With a Comprehensive Agreement on Investment, the EU seeks to herald the start of a new era of cooperation with China before the end of 2020. However, this is proving to be difficult – not least because China shows (too) little willingness to improve the human rights and labour law situation in the country.
Negotiations on a Comprehensive Agreement on Investment between the EU and China have already been going on since 2013. Whilst the negotiations during the first years were rather slow, they have been significantly gained pace over the past two years. The rounds of negotiations had become rather more frequent with the aim to reach an agreement by the end of 2020. This roadmap was once again confirmed on 9 November 2020 during a video conference by EU Trade Ministers.
With this Agreement, the EU Commission wants to improve European companies’ access to the Chinese market and ensure a level playing field – among other with regard to state subsidies and transparency. However, progress is also to be made in respect of sustainable development. Still, according to the EU Commission, China had so far shown more commitment concerning the protection of the environment and less with regard to protecting workers.
Hearing before the Committee on International Trade
On 9 November 2020, the European Parliament’s Committee on International Trade held a hearing on EU-China Trade and Investment Relations in a post-Covid world. Taking part in the hearing was also the Deputy Director-General of DG Trade, Helena König. According to her, the Coronavirus crisis had even accelerated certain geopolitical trends and in some areas – for example regarding the supply of personal protective equipment – exposed a strong dependence of the EU on China. Hence, König argued in favour of identifying strategic dependencies and diversifying supply chains. In order to solve global challenges such as climate change or reforming the WTO, cooperating with China was imperative. However, the EU had to make sure that it defended its own values.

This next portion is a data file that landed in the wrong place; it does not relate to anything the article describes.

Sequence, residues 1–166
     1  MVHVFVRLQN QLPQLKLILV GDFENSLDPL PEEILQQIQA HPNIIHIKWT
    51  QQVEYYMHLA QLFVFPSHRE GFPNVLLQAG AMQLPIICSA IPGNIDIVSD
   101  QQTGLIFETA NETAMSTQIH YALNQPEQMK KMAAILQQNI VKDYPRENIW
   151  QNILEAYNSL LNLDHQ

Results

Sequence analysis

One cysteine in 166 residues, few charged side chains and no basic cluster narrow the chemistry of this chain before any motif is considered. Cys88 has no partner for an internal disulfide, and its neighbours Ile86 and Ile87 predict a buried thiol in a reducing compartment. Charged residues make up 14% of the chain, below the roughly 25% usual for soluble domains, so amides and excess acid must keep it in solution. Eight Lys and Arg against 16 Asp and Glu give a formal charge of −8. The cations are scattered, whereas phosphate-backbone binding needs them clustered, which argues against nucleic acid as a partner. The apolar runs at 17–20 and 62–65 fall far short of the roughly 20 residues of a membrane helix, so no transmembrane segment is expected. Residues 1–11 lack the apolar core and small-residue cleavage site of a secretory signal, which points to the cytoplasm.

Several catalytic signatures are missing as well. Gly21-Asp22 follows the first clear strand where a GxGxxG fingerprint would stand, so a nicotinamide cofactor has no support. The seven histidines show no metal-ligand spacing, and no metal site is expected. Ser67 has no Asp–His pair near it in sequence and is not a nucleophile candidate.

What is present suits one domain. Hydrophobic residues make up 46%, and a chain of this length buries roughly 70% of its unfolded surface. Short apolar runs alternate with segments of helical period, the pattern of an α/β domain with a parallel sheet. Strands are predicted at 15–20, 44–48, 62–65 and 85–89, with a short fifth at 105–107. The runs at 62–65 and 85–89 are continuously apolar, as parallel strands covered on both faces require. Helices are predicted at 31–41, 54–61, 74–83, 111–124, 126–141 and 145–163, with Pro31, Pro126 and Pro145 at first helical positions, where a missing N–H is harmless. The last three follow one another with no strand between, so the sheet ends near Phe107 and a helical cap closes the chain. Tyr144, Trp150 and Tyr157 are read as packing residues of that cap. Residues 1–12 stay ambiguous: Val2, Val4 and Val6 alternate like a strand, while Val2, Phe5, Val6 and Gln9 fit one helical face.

Apart from balanced market access, a level playing field, the forced technology transfer from Europe to China and the role played by Chinese state-owned companies, MEPs also addressed the labour law and human rights situation, and above all the subject of forced labour. Helena König had to admit that in this area there had still been too little movement by China. Raphael Glucksmann, S&D, pointed out that it had been known for months, which international corporations were benefitting from the forced labour of Uighurs interned in China. Still, so far there had been no legal consequences. Here, König was able only to refer to the announced Commission proposal on due diligence, which is to be presented in the second quarter of 2021.
No agreement without human rights, labour and environmental laws
During a video conference on 14 September 2020, the senior leadership of both sides declared their intention to eliminate existing differences before the end of 2020. In the long-term, the negotiations on the Agreement on Investment might also be able to sound out China’s willingness towards stronger bilateral cooperation; subsequently, they might form the basis for a more comprehensive trade agreement. The Chinese Foreign Minister Wang Yi had already voiced his country’s interest at the end of 2019.
In any case, the Chamber of Labour will closely monitor the negotiations. It goes without saying that an Agreement may only be conceivable, when China commits to adhering comprehensive human rights, labour and environmental law standards and if it is possible to effectively punish any violations. Above all, this concerns the eight ILO Core Labour Standards.